Why aren't more startups willing to hire remotely?


With talented people being so hard to find, why do startups still struggle for months trying to hire someone in their city?

Recruiting Hiring Remote

asked Mar 31 '14 at 21:12
Pablo Rosa
19 points

2 Answers


Because successful remote arrangement at a company with an office depends on:

1. A certain culture shift (recording presentations or forwarding decks to remote employees).

2. Relevant support tools and processes (dial-in numbers for every meeting, screenshare software, etc).

3. The right attitude (discipline) from the remote employee. Not everyone can be productive at home. Not all roles are a natural fit for a remote arrangements. More junior employees typically need in-person guidance and mentorship.

It's also harder to evaluate someone's performance in the first months on the job. Many smart startups that are open to remote arrangements will ask a new hire to work at least the first month in the office, before switching to a remote arrangement. It's fairly common to let people with seniority (2+ years with company) to switch to remote arrangements because they have proven themselves as top performers.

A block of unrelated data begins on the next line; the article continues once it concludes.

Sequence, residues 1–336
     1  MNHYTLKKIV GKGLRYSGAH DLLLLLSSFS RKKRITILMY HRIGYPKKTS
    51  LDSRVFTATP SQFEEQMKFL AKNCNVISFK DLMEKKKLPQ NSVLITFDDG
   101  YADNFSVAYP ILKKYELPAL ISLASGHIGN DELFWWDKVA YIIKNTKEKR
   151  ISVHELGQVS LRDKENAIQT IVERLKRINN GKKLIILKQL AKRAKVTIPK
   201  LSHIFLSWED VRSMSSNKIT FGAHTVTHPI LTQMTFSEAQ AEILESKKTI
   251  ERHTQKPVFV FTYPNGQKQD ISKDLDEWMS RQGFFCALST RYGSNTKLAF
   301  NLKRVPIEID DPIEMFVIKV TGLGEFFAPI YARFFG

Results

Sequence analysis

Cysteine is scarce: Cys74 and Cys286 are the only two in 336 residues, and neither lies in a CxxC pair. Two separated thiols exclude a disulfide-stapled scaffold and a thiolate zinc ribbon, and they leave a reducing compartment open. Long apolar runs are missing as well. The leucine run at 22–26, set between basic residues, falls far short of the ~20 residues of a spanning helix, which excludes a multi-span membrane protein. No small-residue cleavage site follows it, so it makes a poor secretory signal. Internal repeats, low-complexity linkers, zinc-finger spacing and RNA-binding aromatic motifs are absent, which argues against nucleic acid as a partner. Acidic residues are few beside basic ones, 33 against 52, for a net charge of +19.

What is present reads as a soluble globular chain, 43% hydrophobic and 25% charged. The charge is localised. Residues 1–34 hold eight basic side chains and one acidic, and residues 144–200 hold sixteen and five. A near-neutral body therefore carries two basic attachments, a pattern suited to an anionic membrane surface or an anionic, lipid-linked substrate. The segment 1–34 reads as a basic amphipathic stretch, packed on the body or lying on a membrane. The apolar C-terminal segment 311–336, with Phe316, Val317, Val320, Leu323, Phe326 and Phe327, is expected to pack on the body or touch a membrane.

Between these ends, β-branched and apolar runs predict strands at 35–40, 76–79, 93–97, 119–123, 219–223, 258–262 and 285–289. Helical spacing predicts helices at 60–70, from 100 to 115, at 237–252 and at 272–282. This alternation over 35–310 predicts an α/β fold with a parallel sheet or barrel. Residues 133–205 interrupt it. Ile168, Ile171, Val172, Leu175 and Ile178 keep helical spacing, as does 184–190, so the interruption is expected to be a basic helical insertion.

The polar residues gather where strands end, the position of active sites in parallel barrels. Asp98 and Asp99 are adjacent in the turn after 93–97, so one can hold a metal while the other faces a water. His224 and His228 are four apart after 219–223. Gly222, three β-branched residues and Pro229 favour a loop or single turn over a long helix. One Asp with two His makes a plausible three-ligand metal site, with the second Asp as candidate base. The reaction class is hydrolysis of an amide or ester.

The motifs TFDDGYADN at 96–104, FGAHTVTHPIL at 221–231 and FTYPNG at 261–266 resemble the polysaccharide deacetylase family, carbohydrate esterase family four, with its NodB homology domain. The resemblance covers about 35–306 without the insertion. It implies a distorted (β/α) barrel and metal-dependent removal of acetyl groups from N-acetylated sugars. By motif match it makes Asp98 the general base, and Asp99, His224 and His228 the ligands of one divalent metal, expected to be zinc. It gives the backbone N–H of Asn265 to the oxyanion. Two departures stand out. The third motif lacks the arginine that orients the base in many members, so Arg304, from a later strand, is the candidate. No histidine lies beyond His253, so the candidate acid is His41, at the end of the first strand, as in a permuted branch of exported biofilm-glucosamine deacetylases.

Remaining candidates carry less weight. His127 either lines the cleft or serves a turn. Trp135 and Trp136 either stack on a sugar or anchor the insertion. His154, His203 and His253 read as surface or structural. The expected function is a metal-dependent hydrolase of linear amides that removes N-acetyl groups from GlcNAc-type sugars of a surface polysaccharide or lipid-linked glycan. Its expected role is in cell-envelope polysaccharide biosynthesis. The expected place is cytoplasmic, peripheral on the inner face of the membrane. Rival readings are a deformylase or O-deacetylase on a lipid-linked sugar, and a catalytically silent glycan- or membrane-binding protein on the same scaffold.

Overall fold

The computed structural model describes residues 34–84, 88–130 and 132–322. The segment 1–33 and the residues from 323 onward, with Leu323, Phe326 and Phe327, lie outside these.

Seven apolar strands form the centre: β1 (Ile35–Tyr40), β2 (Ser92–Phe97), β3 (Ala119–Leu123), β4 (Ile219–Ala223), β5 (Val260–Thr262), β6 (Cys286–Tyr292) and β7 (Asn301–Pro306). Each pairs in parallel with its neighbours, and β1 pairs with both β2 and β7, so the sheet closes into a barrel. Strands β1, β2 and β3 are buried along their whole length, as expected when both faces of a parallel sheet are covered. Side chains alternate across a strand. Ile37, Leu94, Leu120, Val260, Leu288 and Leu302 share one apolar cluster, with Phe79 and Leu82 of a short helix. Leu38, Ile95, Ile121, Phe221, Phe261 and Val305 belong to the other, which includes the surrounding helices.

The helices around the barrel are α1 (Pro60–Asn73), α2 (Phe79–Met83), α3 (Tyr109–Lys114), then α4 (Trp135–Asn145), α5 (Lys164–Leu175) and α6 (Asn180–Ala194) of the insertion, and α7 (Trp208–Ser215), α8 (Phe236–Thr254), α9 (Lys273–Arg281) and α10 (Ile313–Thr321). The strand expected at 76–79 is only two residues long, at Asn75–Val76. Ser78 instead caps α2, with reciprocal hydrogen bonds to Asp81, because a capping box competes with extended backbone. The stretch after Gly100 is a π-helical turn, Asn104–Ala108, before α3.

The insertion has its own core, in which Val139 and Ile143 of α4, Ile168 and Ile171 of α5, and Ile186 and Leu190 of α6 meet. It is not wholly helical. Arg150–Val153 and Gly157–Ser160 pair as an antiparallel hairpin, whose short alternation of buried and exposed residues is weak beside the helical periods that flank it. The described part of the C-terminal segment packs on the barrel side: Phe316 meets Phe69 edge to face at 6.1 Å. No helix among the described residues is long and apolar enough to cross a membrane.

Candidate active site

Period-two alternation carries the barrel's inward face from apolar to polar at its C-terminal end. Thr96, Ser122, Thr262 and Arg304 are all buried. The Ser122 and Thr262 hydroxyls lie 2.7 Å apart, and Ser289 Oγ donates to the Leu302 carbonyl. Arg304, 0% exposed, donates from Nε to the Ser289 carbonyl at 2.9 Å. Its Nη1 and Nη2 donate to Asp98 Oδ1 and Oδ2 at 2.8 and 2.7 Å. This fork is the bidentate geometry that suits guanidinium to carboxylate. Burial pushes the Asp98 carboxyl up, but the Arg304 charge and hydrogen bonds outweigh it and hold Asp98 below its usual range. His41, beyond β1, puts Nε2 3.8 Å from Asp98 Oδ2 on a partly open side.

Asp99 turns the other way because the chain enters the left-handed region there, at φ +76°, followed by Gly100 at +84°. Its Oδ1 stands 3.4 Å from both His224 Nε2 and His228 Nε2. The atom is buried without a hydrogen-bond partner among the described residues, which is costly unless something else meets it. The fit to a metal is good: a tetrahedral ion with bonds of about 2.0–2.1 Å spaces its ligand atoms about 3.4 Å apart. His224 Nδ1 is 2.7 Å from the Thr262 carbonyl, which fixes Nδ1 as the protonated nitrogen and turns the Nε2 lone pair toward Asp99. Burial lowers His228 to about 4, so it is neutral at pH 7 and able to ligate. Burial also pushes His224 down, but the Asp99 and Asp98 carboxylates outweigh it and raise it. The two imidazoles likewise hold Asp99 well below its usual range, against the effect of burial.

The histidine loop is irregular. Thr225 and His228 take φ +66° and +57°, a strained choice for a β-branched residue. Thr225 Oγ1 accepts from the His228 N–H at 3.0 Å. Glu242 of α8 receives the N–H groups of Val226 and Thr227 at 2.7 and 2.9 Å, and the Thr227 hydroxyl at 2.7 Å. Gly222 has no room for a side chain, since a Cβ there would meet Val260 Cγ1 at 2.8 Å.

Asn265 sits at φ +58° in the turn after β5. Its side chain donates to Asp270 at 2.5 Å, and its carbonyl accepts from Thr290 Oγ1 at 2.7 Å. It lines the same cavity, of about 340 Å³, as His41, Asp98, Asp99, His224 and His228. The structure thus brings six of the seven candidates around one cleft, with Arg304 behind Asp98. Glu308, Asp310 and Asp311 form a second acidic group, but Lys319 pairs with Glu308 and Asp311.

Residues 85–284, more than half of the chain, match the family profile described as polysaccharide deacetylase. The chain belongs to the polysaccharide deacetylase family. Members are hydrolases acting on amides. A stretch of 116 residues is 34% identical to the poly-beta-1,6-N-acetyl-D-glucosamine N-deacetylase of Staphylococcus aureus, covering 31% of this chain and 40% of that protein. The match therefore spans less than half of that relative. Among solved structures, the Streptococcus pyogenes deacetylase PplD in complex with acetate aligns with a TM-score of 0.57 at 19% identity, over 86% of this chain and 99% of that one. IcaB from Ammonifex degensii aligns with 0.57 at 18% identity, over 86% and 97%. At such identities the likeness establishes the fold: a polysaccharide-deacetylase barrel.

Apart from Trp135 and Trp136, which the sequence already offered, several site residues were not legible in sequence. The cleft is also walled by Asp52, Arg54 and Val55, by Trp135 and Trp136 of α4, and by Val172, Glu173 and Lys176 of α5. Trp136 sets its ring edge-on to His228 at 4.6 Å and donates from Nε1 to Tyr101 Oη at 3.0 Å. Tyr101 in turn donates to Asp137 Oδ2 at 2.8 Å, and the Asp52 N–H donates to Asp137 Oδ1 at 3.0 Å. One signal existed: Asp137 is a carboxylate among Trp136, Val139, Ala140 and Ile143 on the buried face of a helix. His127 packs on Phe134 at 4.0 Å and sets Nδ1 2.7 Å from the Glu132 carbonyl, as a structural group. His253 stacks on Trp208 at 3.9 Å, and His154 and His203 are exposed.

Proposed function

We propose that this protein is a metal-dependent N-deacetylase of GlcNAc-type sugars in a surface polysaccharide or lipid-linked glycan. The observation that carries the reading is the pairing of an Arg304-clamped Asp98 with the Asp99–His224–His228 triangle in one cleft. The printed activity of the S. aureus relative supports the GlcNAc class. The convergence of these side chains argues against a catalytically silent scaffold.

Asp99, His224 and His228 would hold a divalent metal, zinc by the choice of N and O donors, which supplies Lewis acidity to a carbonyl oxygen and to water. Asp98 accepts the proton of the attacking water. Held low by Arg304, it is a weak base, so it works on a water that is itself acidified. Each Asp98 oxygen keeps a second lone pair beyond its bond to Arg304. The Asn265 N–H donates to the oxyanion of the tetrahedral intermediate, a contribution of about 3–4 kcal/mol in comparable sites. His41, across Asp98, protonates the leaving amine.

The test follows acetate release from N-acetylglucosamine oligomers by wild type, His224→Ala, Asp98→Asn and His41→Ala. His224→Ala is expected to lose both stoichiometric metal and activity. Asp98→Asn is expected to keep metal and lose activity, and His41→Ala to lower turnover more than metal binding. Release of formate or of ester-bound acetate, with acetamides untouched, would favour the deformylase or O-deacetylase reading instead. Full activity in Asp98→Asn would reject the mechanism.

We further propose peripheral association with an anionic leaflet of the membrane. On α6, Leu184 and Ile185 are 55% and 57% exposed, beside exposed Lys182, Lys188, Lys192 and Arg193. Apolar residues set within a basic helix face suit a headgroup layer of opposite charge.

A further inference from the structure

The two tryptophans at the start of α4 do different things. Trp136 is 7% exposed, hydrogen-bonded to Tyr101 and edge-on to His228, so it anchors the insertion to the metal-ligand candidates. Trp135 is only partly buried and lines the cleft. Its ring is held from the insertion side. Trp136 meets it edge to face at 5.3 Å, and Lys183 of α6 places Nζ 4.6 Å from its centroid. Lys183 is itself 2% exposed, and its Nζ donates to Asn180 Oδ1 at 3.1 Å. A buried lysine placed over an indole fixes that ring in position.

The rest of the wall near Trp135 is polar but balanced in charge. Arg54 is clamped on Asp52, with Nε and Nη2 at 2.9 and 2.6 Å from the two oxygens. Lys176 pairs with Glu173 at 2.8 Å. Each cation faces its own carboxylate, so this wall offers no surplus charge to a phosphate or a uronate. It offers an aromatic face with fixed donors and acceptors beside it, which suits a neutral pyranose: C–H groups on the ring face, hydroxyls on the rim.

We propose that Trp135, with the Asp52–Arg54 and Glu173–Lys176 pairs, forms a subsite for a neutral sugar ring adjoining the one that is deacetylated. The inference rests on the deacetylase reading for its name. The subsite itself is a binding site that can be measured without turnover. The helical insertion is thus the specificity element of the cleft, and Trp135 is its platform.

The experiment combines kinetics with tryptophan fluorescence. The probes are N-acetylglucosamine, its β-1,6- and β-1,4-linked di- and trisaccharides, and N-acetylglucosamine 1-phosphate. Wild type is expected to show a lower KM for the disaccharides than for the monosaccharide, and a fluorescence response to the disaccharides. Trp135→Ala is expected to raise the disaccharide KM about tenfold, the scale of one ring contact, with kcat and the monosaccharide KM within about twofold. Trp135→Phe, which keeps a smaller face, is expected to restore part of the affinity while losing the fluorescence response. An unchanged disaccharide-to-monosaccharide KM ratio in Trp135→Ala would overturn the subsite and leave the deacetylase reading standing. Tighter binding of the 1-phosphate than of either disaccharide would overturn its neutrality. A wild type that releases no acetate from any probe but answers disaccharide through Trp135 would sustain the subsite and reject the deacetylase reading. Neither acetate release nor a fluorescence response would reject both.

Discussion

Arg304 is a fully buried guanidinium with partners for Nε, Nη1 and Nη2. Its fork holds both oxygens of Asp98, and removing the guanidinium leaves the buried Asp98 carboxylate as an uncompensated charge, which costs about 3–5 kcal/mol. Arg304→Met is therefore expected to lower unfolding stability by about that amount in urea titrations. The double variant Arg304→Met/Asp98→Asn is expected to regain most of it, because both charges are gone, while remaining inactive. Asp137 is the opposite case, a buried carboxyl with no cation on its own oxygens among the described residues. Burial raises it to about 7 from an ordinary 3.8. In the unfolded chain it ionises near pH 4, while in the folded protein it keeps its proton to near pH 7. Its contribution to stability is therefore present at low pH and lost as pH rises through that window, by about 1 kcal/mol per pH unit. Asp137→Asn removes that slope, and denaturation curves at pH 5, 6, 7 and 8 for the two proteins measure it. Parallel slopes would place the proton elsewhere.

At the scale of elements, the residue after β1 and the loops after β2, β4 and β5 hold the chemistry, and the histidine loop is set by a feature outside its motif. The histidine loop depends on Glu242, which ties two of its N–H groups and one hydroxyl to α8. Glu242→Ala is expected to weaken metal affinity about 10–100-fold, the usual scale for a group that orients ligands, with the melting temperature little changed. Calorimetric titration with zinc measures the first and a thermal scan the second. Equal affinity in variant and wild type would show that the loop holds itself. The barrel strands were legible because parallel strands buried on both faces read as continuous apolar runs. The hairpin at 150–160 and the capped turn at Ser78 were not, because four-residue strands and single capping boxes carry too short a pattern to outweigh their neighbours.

In other words, if it's not a general/common practice at a company, introducing exceptions causes some overhead and requires additional effort. I would speculate that it might be easier for a brand new startup to just adopt a distributed team approach, then for established company to introduce remote arrangements.

I personally hope more startups consider distributed team setup and think that perhaps the trend has already began.

answered Apr 1 '14 at 19:29
2,835 points


Some startups do. Especially after being unsuccessful in finding a candidate locally for some time.

Managing remote team members has its own set of challenges. Some of which include:

  • Communication is slower with remote teams. Startups have to move at the speed of sound. It's often easier to explain something in person than it is to do over Skype or email.
  • Time zone collaboration
  • Motivation / team building (this one can vary based on how you manage them).

Those are the main reasons why most startups tend not to first look at remote candidates.

I feel the benefits out-weigh the cons though:

  • Exponentially larger talent pool.
  • Employees save time in commuting.
  • You save money in overhead (office space, etc.) and salaries.

Things you should look for when hiring remote people (in order of importance):

  1. Communication skills. The most important, for obvious reasons.
  2. Self motivated and results driven. Do these engineers have contributions to projects outside of their work experience? It's a good signal to notice.
  3. Punctuality when you schedule times to have a Skype call or Google Hangout. Working on your their own time is fine when results are being delivered, but if you schedule a particular time to have a virtual meeting, they should be punctual. Otherwise collaborating will be a problem.
answered Apr 1 '14 at 19:54
Gonzalo Patterson
136 points

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